Chabot, Luria Highlight Malign Activities by China in South China Sea
Washington, December 8, 2021
Tags: Foreign Policy and Trade
WASHINGTON, D.C. — Today, Rep. Steve Chabot (R-OH-01) Ranking Member of the House Foreign Affairs Subcommittee on Asia, the Pacific, Central Asia and Nonproliferation and House Armed Services Committee (HASC) Vice Chair Elaine Luria (D-VA-02), introduced legislation aiming to counter Chinese maritime militia fleets in the South China Sea. The Countering PRC Maritime Militia Fleet Act (H.R. 6158) requires the Department of Defense (DOD) to conduct a study assessing these militia fleets and to use that analysis to inform an American response.
“China’s Maritime Militia is a major tool in the PLA’s gray zone aggression toolbox,” Ranking Member Chabot said. “A top example is Beijing’s use of the Maritime Militia to swarm islands controlled by our treaty ally the Philippines. To date, the U.S. and our allies have been unable to develop an effective response to these acts of aggression, as well as similar coercive actions that don’t quite rise to the level of open warfare. That is why I’ve joined Representative Luria in introducing the ‘Countering PRC Maritime Militia Fleet Act’ so that we may bring a greater focus to solving this problem.”
“We focus extensively on the core mainline warships of the PLAN, but we also need to understand the role of China’s growing militia fleets and how they could be leveraged in the future to undermine freedom of navigation and recognized maritime territorial claims.” Vice Chair Luria said. “We must analyze the threat posed by these potentially dangerous and vast militia fleets that operate outside of normal military rules and customs.”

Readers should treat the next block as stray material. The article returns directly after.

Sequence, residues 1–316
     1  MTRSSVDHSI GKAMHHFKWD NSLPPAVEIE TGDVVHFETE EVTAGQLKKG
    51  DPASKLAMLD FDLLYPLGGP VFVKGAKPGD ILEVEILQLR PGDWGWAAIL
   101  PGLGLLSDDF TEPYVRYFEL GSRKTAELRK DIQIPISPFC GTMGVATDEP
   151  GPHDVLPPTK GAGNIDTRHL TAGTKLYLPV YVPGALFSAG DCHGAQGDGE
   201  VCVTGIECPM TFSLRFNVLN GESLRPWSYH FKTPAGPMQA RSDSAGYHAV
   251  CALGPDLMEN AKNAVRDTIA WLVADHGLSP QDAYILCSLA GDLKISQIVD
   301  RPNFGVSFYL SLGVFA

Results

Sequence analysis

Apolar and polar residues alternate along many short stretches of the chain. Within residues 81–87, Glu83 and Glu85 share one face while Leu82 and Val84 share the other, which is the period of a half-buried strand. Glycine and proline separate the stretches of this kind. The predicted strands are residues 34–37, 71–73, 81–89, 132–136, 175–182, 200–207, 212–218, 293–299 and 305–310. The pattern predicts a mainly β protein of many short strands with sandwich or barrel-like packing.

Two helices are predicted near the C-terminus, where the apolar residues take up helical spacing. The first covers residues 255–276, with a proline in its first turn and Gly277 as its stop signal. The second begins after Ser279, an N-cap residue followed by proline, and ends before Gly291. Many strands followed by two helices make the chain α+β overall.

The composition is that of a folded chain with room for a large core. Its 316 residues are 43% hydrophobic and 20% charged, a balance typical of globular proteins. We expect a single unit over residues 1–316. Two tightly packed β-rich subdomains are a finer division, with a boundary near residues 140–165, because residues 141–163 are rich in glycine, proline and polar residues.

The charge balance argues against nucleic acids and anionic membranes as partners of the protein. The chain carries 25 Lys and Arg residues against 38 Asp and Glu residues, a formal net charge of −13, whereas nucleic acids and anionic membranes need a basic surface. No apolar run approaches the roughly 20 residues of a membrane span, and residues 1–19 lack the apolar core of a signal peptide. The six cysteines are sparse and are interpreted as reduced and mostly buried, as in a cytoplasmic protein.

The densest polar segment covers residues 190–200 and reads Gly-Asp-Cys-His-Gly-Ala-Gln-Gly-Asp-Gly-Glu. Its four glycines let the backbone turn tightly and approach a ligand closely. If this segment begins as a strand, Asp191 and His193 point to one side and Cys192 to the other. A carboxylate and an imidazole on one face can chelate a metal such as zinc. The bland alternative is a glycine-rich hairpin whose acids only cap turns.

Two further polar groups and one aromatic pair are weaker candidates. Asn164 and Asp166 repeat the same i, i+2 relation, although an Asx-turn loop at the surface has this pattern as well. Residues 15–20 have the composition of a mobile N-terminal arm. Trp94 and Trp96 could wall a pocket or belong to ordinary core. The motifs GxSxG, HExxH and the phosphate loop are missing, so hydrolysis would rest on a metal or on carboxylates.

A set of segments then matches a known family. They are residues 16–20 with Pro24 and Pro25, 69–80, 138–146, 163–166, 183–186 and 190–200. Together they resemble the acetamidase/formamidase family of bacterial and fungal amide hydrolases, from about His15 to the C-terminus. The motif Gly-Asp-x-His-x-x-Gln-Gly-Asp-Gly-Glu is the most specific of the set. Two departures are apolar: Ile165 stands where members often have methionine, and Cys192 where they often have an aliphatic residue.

For years, the U.S. has grappled with the pervasive existence of Chinese militia fleets, but the Navy continues to lack sufficient plans in place to deal with the growth and unrestricted use of these fleets that disguise as fishing vessels. In the hotly contested South China Sea, the People’s Armed Forces Maritime Militia (PAFMM) plays a major role in coercive activities to achieve China’s political goals without fighting, but rather by harassing other vessels and illegally fishing in other countries’ territorial seas without consequence. The militia has played significant roles in several coercive incidents over the years and continue to harass U.S. Navy presence in the area; further, they could become armed if conflict arises.